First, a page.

The ongoing fight to liberate the Isis-controlled city of Mosul is a crucial moment in the war against the Islamic State in Iraq.
The city has become a symbol of Isis power in the region. Mosul was occupied by Isis in June 2014 and Isis leader Abu Bakr al-Baghdadi proclaimed it the crown jewel of the self-declared Islamic State caliphate.
Strategically located along the Tigris river, Mosul sits between routes linking Iraq to Turkey and Syria, bordering the semi-autonomous region of Kurdistan. It is the capital of the Nineveh region, whose oil-rich fields are one of the key resources financing Isis' terrorist operations. One of them, the Qayyara oil field, was reconquered at the end of August, but an oil ministry spokesperson told Reuters that production would not be resumed until the security situation improved with liberation.
The city's developed banking system also provided a financial lifeline to the terror group, who was able to loot over 500 billion Iraqi dinars (around £250m) stored in the Central Bank of Mosul, which were left behind by the Iraqi forces.
Isis also took over Mosul University, one of the largest research centres in the Middle East and Iraq's second largest university. It became a basis for Isis fighters and, it was suspected, a centre to develop chemical bombs, which is why it was targeted and destroyed in US air strike in March.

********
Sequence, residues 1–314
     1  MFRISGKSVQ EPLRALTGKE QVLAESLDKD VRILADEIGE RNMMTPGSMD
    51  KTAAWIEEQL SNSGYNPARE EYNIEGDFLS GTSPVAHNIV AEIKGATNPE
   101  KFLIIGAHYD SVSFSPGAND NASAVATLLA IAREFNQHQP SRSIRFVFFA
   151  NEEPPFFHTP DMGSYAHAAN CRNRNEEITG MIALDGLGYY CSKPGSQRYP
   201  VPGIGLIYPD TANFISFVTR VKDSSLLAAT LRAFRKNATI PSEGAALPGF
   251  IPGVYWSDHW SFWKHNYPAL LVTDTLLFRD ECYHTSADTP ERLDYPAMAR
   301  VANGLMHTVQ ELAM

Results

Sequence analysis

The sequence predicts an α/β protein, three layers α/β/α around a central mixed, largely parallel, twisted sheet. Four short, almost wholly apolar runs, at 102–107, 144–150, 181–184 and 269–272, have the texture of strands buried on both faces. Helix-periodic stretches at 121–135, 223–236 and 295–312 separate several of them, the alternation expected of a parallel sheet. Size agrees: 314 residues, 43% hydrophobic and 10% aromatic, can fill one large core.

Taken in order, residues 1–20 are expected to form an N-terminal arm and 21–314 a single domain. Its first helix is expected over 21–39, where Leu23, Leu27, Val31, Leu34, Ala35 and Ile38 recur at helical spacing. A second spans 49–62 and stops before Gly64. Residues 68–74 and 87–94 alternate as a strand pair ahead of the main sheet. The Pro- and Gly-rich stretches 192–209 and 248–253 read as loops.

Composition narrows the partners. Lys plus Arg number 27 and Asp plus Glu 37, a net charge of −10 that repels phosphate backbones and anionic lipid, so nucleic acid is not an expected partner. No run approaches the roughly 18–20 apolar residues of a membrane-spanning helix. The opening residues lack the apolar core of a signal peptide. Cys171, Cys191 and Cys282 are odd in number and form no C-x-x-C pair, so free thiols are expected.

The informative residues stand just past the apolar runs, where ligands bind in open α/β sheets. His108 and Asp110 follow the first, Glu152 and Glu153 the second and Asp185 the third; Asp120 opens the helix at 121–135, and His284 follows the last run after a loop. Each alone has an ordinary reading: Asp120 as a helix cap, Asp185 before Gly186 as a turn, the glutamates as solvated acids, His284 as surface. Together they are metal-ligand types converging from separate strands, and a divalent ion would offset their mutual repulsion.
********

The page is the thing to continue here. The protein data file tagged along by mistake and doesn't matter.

An ethnically-diverse centre, Mosul was inhabited by different people including Assyrian Christians, Yadizi, Turkmen and Kurds, in addition to Sunni Muslim Arabs.
The Yadizi people were particularly targeted by Isis during the occupation. It is estimated that thousands of women and girls are being held captives and subjected to rape and torture. Yazidi activists denounced the lack of a plan to rescue the prisoners as the coalition moves to reconquer the city.
The United Nations warned, in August, that fighting to recapture the city would accelerate the exodus, with the UN refugee agency UNHCR working on building new refugee camps to shelter up to 120,000 refugees. The UN is looking to raise around $284m to face the humanitarian crisis, with less than half raised so far.
The battle for Mosul is expected to last weeks, perhaps even longer. Isis is estimated to have as many as 5,000 fighters in Mosul, with supporters bringing the total to 7,000. The jihadists' grip on the region has been weakening since January 2015, when it was at the peak of its power. Since then, it has lost almost a third of the territory it once controlled, according to security and defence analysts IHS.